Violence Free Families (25.6.2015)
Written on the 29 June 2015
25 June 2015
GEORGIE CROZIER (LIB - Southern Metropolitan)
Whilst all of us continue to be appalled by family violence deaths and the long-term damage that family violence does, I am pleased that there are commitments from governments of all persuasions to tackle the issue. In Victoria we have the royal commission, the federal government is addressing family violence through the Council of Australian Governments, and right across the state community groups are identifying family violence as having a major impact and working with local government. I commend all governments for their efforts in doing what they can to address the issue.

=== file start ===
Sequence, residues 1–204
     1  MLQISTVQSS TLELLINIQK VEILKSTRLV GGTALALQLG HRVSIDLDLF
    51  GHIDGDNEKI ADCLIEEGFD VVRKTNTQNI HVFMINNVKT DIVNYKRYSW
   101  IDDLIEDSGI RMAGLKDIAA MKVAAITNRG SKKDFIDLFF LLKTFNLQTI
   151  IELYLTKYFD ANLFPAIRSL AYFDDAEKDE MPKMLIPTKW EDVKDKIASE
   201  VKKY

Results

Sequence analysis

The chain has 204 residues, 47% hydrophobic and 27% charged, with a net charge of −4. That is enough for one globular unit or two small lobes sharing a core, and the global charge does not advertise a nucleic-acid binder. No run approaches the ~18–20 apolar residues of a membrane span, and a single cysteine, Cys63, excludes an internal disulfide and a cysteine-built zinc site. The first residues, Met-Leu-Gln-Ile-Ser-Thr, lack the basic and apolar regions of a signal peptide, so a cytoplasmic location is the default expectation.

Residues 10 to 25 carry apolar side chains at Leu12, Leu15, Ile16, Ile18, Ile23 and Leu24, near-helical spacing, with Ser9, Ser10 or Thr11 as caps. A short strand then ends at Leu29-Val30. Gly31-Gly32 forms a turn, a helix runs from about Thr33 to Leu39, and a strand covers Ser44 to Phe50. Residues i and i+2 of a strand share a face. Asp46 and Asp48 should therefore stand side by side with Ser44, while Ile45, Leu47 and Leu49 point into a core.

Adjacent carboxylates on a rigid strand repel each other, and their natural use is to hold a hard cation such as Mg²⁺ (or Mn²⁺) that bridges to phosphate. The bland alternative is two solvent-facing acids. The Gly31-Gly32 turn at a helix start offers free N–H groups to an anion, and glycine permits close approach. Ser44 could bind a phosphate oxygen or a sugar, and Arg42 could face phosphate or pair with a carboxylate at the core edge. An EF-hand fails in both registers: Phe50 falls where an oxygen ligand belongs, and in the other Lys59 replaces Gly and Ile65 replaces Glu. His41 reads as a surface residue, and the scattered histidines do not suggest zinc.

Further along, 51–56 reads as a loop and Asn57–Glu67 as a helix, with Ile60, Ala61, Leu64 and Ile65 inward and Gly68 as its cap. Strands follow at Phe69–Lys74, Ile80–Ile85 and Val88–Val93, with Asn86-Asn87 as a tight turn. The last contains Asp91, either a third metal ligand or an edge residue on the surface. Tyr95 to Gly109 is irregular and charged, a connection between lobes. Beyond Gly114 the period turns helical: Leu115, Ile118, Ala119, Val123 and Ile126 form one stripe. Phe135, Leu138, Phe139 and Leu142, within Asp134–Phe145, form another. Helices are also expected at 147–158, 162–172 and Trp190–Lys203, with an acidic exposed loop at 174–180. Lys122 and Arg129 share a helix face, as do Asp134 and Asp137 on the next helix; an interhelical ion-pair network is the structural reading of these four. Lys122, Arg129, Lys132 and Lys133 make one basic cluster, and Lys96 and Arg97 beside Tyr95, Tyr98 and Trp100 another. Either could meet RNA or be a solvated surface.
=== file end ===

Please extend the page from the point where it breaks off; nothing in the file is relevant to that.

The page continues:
Community attitudes must change if we are to make real change, because family violence is completely unacceptable at any time and in any place, and while I commend governments for doing what they are doing, there are many local organisations that are working within their own communities. They are identifying the problems, addressing the cultural concerns and working with schools, sporting clubs, authorities and voluntary organisations to provide the support and programs within their own local communities.One such initiative I would particularly like to highlight is an online behaviour change program developed by Violence Free Families. It is such a simple concept that has been trialled and evaluated by the University of Melbourne. It has received great support from the philanthropic sector. It is the only program that caters for a group of men who are unable or unwilling to attend face-to-face programs. These are men who are perhaps shiftworkers and who are unable to access a program because there are none available, especially in rural or regional Victoria, or because they are too ashamed to present to a conventional men's behaviour change program. This program provides great support not only to men but also to women and children subject to family violence This is exactly the sort of initiative that does not need the conclusion of the royal commission. It needs government support, and it needs it now.
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